Saturday, January 21, 2012

Our Levels Go To Eleven

I have an admission to make, I fear the dreaded Level Up pronouncement by our Dungeon Master. Oh sure, back when I was thirteen I played monty haul AD&D but now I don't want the extra baggage. I try to publicly convince our DM that our characters shouldn't level just yet. Thankfully she has a long history of being stingy with experience point awards. Other players, who want their character to get more powerful, cast aspersions in my direction.

What could possibly be wrong with leveling?

Dungeons & Dragons becomes less fun as you level. The act of leveling is fun, don't get me wrong. However, the more you level up the closer you get to the point where the rules start to make it difficult to enjoy the game. A commonly accepted problem with the previous edition (3e or v.3.5) was that it was too difficult to play after 15th level. D&D 4e wanted to solve this problem on both the player side and the DM side but all they accomplished was adding another ten unplayable levels. A sense of growth is very important and despite my phobia about leveling I want character progression.

The mechanics of higher level play need to work in order for me to try it. I played from lowly Level 1 through Level 21 in 4th edition and it stopped being fun long before we stopped the campaign. Combats were painfully slow and long. Also, daily powers were overwhelming such that it was really difficult to threaten the players without tediously wearing them down first in those slow, complicated fights that I disliked. I believe that R&D "got the numbers wrong" and hit points grew faster than player's ability to deal damage so it was a slog to kill things other than minions.

I would rather gradually grow my character to 8th level as the campaign story arc crests and be done. My player experience seems to mirror many other groups based on product sales. Adventures like The Sunless Citadel and The Forge of Fury sell much better than Heart of Nightfang Spire, Lord of the Iron Fortress, or Bastion of Broken Souls. I really enjoyed 3rd edition's Epic Level Handbook and it was very popular but I doubt even half the people who bought it ever played at those levels. My 4th edition, 3rd edition, and 2nd edition D&D experiences are all the same when it comes to what levels we played. Consistently in D&D we've ended our games by Level 12 at the latest (and I regretted those times when we didn't).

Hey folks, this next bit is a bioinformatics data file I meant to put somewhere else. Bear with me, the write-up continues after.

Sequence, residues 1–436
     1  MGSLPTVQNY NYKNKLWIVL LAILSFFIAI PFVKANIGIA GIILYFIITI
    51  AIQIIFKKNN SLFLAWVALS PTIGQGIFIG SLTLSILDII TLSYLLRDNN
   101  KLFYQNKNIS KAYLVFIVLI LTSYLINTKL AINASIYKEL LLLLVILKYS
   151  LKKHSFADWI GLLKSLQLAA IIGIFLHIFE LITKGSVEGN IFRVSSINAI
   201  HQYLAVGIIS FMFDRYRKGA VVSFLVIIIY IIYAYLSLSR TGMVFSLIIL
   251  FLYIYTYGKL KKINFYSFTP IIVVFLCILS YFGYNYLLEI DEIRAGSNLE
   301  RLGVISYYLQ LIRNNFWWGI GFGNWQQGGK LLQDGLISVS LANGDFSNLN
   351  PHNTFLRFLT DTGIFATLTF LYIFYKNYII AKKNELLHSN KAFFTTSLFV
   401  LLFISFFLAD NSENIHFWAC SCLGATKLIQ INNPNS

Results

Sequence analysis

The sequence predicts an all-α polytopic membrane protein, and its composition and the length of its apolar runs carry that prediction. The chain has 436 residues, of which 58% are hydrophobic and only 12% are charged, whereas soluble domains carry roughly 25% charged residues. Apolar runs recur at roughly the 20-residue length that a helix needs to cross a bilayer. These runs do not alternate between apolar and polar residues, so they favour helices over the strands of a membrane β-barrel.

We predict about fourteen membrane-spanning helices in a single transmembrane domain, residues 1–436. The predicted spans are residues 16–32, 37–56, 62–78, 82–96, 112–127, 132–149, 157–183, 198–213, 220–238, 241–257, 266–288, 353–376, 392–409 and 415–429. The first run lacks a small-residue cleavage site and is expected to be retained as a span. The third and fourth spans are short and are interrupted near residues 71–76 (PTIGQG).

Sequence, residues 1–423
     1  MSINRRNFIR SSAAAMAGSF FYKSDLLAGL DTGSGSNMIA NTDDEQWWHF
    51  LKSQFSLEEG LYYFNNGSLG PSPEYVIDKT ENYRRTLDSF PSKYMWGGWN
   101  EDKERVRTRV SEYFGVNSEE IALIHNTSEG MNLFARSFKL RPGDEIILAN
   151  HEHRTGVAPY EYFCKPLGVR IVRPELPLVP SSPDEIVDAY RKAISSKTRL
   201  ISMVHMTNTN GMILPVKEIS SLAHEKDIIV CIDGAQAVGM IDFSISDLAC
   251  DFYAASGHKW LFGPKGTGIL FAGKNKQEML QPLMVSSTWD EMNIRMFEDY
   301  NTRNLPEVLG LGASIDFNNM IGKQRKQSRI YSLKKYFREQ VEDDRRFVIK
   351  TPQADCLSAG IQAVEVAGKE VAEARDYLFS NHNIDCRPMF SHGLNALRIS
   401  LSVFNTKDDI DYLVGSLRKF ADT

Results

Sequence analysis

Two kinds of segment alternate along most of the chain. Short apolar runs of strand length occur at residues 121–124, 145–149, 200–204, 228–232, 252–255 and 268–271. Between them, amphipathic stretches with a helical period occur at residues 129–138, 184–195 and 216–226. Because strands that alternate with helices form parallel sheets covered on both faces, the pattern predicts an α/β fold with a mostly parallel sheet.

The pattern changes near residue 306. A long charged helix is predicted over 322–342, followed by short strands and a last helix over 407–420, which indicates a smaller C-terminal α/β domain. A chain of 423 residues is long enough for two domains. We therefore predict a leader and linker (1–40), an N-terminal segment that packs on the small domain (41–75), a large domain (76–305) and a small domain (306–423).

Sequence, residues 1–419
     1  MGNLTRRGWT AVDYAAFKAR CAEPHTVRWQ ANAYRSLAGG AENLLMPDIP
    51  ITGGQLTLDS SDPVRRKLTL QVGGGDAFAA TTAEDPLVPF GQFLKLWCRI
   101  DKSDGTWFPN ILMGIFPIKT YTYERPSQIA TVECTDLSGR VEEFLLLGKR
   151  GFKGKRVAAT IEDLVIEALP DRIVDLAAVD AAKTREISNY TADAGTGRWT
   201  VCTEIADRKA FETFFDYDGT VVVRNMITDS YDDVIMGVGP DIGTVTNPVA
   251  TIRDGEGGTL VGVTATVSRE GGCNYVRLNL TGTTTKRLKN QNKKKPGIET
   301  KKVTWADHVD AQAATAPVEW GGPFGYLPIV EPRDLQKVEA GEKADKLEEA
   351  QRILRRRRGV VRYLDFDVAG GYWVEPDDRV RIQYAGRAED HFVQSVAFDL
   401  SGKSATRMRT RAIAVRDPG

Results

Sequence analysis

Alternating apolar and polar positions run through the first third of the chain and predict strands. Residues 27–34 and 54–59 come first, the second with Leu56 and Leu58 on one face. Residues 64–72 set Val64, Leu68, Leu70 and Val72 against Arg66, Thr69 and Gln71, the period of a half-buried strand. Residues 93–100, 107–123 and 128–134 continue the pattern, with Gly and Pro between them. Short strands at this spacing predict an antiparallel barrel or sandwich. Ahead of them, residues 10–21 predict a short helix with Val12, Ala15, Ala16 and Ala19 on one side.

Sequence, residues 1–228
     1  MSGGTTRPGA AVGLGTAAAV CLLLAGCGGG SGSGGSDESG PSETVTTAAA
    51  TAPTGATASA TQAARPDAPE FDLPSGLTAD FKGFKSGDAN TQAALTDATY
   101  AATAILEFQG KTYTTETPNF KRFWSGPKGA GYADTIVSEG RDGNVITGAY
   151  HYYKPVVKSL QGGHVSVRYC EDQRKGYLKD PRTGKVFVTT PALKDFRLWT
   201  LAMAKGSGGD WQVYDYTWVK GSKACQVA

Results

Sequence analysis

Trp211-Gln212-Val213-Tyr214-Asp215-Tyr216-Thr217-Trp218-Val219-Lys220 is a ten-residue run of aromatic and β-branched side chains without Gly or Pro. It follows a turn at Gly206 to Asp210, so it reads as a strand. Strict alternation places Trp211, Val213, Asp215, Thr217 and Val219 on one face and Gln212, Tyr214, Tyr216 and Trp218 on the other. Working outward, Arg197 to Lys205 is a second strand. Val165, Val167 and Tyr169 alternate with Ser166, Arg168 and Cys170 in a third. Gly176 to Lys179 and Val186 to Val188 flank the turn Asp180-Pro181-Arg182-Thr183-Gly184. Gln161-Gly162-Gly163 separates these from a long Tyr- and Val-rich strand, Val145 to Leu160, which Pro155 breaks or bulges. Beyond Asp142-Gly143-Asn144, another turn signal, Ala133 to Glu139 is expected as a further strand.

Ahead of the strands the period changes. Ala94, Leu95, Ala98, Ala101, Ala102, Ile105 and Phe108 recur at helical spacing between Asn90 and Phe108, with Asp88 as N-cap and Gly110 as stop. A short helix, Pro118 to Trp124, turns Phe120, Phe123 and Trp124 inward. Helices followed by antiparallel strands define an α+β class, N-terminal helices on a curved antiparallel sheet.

I was insulted by the repeated implications in 4e text that heroic tier characters (1st-10th) were putzing around killing rats and only making a local impact. I'm curious if any sizable chunk of games really work that way. The fantasy fiction that my games imitate are about grand heroes solving world-spanning problems like The Wheel of Time or The Lord of the Rings trilogy. If the characters start out as apprentices that entire rookie atmosphere for the game is gone by the time second level is over. I would never spend ten levels playing the village hero.

In D&D 4th edition, lots of cool flavor and interesting mechanics were hidden away from us low-level players. Paragon paths rock and even epic destinies brim over with cool descriptions. Many feats that opened interesting characters options, staple fantasy monsters, or inspiring magic items were powered-up such that they were locked away above 11th or even 21st level. Third edition did slightly better because you could often get into the fun prestige classes at 5th-7th level which was before the levels where the rules faltered under their own weight.

Slow down the power level progression. Increase the progression when comes to the level of customization and flavor players can layer onto their character. Make creative branching options available to characters sooner. This gives the important sense of growth and improvement without throwing fun out the window.

What about your games? Do you play mostly games where characters are below 12th level? Leave a comment below and tell me why you play low-level games?


1 comment:

  1. I agree so completely that it's ridiculous. I've gone to 13th/14th level, but that's as high as I think any of the various editions have been easily playable. It is possible to go further, but only for certain subsets of people, and certain very specific types and kinds of play. And the idea that a 10th level character in 4e was a powerful putz is kind of silly. Normally in any game, not just D&D, I end up trying to slow the progression of power while speeding up the progression of involvement and intrigue, and as 4e had very little non-combat stuff, I just never saw the point of it, and after a few half hearted campaigns, gave it up entirely. I don't hold out much hope for a 5e, but it might be better, at least.